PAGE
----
The Last Day by Jaroslavas Melnikas, translated by Marija Marcinkute, is a short story collection published by Noir Press, a small UK publisher that focuses on bringing contemporary Lithuanian literature in translation to the English reading audience. I first came across their books when I was putting together my list of Baltic fiction in translation, and I was very excited to check out their latest release: a short story collection by Lithuanian-Ukrainian author Jaroslavas Melnikas.
I’m happy to report that this book did not disappoint. Based on my reading experience, most short story collections turn out to be a mixed bag, with some high and low points, but, in the case of this collection, I was pleasantly surprised that I thoroughly enjoyed all 8 of these stories that generally follow protagonists, who are preoccupied with some existential or philosophical dilemma. For example, the title story, The Last Day, presents a version of the world in which everyone can find out the exact date of their death, and the story explores how this knowledge might affect people’s lives and relationships.
My favourite story in the collection was definitely The Grand Piano Room. I don’t want to give too much away, but it read like a Soviet man’s daydream/nightmare, a surreal and clever allegory of communal living during the Soviet era. I don’t know if that was the author’s intention, but that was my interpretation of this bizarre story. It felt like I was witnessing the gradual disintegration of the protagonist’s dream life, and, consequently, his mental state, when confronted with reality. It’s a very effective and darkly humorous story that also serves as a great example of one of the aspects that I enjoyed the most in this collection; Melnikas does not spell things out for the reader but leaves plenty of room for interpretation. Many of these stories examine the theme of identity, and the layers of self-deception that people construct to deal with, or escape, the realities of everyday life.
Another major theme in this collection is the concept of fate. Some of the narrators in these stories are searching for some higher purpose in life, however, they seem to be more inclined to put their lives in the hands of someone else (be it God, or some other entity, or just another person) instead of taking responsibility for the course of their lives. The most notable example of this is the narrator in On The Road, who is willing to follow mysterious instructions that tell him to go to various places, without providing a clear reason why, because he feels that these “missions” give him an important purpose in life.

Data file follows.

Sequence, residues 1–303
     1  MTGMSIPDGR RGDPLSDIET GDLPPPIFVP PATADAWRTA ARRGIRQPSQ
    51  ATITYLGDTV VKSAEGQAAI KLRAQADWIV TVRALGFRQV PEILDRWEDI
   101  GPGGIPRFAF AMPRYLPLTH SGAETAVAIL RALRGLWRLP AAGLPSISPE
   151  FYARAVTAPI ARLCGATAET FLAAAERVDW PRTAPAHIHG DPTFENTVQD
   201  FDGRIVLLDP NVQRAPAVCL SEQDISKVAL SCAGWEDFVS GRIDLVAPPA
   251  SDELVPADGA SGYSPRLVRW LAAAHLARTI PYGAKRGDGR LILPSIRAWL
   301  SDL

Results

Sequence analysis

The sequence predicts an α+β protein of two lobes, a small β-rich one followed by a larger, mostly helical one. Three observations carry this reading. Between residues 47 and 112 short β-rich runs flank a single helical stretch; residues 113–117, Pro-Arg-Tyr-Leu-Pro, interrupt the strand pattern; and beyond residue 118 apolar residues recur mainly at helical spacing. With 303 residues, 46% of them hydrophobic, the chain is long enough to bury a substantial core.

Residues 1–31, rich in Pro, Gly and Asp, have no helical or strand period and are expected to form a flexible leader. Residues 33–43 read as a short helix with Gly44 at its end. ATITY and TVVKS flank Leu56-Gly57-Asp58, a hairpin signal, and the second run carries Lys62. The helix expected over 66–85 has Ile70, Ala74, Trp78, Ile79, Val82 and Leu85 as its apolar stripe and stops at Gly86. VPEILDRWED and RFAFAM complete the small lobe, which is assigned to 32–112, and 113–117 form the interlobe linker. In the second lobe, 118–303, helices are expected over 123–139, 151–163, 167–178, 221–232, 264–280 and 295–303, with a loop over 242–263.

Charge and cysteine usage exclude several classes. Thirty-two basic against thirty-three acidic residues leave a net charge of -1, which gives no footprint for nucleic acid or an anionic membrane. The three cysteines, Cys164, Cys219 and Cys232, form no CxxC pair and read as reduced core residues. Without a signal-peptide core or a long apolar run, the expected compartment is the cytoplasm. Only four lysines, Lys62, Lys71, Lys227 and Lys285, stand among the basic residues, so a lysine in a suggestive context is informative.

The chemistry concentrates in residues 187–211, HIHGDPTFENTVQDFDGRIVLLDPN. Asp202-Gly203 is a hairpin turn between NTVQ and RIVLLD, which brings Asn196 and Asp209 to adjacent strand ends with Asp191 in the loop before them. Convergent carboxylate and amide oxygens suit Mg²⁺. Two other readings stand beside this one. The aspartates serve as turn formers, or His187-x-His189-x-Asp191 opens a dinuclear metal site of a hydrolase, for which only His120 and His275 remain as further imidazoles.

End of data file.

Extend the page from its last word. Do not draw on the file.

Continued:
The last and longest story in the collection, It Never Ends, is a haunting story about a man, who starts to frequent an old cinema that is showing an avant-garde film about the life of a girl named Liz that, supposedly, never ends. Here again, we meet a narrator who is searching for some purpose in life in all the wrong places. At the cinema, he develops an unsettling relationship with another regular audience member, a very strange young woman, who is just called “the scarecrow”. I’m still not sure that I understood everything that happened in this story, but it will stay with me for quite some time.
Overall, The Last Day is a compelling, unsettling and insightful short story collection that definitely deserves much more attention. If you enjoy stories that inspire you to think about life from a philosophical perspective, I highly recommend you give this collection a try!